Ocean, an important priority in the Climate Negotiations
The Small Island Developing States (SIDS) of the OACPS have since a long time been advocates of diplomacy that includes the Ocean at the heart of the climate negotiations and now their voice seems to be increasingly acknowledged.
It is a fact that the Ocean has a key role to play in regulating the climate of our planet. Over and above being a carbon sink (capturing 30% of human emissions), the Ocean is also the planet’s heat reservoir (having absorbed 93% of the heat emitted since the industrial revolution). Indeed, by absorbing heat, largely in the tropics, the oceans, releases moisture to atmosphere and also creates warm water currents driven by the temperature gradient to the higher latitudes. These processes are responsible for the climate system regulation.
Today, however, climate change is wreaking havoc to the oceans. Warming seas, sea level rise, ocean acidification and increased intensity of storms are clear examples threats the OACPS coastal countries are confronted with. The impact of these changes on ocean environments is causing unprecedented upheavals in living conditions and unprecedented risks for ecosystems and human communities around the world. The countries, which are at the forefront of this threatening reality, are the Small Island Developing States (SIDS) of the OACPS in the Pacific, the Caribbean and Africa. They are suffering from the multiple consequences, including loss of territory due to sea level rise and coastal erosion, floods and droughts; loss of yields for the fisheries and aquaculture sectors; increased water stress; degradation of coral reefs and other coastal ecosystems; increased physical insecurity in the face of disasters and extreme events; and increased health risks, to name a few.
In December 2019, in the context of the COP25 in Madrid, the Parties to the United Nations Framework Convention on Climate Change (UNFCCC) adopted a groundbreaking decision that mandated a dialogue “on ocean and climate change to consider how to strengthen mitigation and adaptation measures“. This initiative was, among others, championed by OACPS, SIDS such as Fiji, Palau and Seychelles.
The Ocean-Climate Dialogue was initiated on 2 and 3 December 2020 within the activities of the Subsidiary Body for Scientific and Technological Advice (SBSTA). The conclusions of this dialogue are clear: the ocean must be further integrated into climate strategies, and the discussion must continue on a fundamental scientific basis.
Ocean Climate Ambition Summit
This new path for mainstreaming the Ocean-Climate nexus was confirmed at the highest level during the multi-country Ocean-Climate Ambition Summit held online on 27-28 January 2021, involving the active participation of OACPS member states such as Seychelles, Fiji and Belize. Seychelles, known for pioneering innovative financial instruments such as the Seychelles Sovereign Blue Bond, made a statement focusing on opportunities for financing and seeking avenues to create synergies between ocean and climate policies. Fiji, which has incorporated a blue component in its NDCs, encouraged all states to move towards such an ambition and urged bringing the Blue Economy into the mainstream. Fijian Ambassador Satyendra Prasad said: “We will lose the Climate battle if we lose the Ocean battle”.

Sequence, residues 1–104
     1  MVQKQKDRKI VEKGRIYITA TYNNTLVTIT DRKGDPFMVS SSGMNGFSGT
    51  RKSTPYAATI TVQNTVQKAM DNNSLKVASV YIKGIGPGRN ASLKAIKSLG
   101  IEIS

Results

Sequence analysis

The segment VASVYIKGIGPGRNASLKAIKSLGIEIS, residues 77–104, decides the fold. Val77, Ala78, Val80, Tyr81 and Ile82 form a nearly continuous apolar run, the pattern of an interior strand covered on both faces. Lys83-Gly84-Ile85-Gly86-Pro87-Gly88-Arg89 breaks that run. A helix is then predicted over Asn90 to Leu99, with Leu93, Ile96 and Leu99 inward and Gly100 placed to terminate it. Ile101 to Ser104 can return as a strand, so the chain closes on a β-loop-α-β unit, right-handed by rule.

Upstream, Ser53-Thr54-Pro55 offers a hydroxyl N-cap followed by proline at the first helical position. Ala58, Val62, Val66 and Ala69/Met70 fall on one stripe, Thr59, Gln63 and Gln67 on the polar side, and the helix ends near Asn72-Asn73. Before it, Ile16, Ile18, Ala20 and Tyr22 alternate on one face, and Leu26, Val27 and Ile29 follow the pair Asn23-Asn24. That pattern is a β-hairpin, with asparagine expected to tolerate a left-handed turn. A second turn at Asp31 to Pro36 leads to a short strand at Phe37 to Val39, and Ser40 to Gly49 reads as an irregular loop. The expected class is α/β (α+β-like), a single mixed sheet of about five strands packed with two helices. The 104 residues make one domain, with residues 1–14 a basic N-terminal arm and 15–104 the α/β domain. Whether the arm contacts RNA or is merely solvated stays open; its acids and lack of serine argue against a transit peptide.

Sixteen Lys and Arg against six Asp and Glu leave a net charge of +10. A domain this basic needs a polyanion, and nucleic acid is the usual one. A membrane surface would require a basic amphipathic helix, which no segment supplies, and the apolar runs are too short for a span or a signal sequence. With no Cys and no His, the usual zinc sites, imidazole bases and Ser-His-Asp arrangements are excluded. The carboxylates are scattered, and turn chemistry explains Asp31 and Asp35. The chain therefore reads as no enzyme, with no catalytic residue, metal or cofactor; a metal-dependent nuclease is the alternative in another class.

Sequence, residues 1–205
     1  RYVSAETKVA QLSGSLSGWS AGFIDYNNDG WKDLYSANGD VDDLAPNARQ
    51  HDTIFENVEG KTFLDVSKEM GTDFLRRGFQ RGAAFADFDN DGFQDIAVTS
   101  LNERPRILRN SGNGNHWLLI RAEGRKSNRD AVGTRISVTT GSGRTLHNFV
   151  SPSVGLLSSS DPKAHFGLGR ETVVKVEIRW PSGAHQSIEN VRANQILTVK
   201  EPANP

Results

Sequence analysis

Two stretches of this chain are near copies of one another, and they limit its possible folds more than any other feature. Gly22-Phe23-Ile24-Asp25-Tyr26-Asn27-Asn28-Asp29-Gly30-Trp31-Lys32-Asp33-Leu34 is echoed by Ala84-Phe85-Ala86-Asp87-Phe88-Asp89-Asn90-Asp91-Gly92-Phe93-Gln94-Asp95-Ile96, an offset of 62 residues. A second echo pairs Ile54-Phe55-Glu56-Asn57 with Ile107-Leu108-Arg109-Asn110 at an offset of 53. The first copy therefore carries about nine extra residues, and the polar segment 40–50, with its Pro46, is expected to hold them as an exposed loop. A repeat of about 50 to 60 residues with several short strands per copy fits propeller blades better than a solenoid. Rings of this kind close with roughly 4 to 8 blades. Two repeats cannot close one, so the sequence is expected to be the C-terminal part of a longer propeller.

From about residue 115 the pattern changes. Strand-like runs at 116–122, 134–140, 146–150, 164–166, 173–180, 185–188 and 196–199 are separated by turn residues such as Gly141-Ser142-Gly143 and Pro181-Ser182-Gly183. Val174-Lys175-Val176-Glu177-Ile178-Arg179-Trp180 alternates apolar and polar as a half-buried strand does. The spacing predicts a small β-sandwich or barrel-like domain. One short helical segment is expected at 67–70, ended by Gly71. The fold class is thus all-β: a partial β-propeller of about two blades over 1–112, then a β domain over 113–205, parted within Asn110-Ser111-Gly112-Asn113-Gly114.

In 2021, with the support of the scientists and experts of the Climate Convention, one of the key issues will be to agree on the best path to strengthen, within the UNFCCC, actions, that will enable us to mitigate climate change through marine or oceanic solutions and to adapt to the oceanic upheavals that are being observed. In this respect, one of the crucial points will be to create bridges between the UN conventions while ensuring coherence along the way. In the context of the SBSTA Dialogue in December 2020, parties discussed how to strengthen the ocean-climate nexus under the UNFCCC. In this context they expressed interests in having the SBSTA Chair Informal Summary report be presented at COP26. Accordingly, it is expected that there will be concrete follow-up on the topic of Oceans at COP26.
Possible Ocean-adapted measures emerging from Climate Negotiations
In terms of concrete solutions, these could, in the future be translated into adaptation to sea level rise, but also in the implementation of nature-based solutions that bring significant benefits, such as mangrove restoration, preservation of highly productive or very fragile marine areas, as well as in the maintenance of vital adaptation and ecosystem measures for frontline communities.
As Ambassador Peter Thompson of Fiji, UN Secretary-General’s Envoy for the Ocean, recalled in his closing remarks at the Clube de Lisboa Conference in the beginning of March 2021: “There cannot be a healthy planet without a healthy Ocean, to which I should add the Ocean’s health is currently in decline. Thus, a net zero economy is absolutely fundamental to ending the cycle of decline in which the Ocean’s health has been caught.”
“In this regard I urge you to read the many reports published by the High-Level Panel for a Sustainable Ocean Economy, reports prepared by over 250 experts from around the world, from sustainable aquaculture to the greening of shipping, from marine genetic resources to offshore energy production. Developing the Sustainable Blue Economy will mitigate climate change, create massive employment in blue-green industries, and provide us with the medicines and healthy nutrition we need for a secure future”.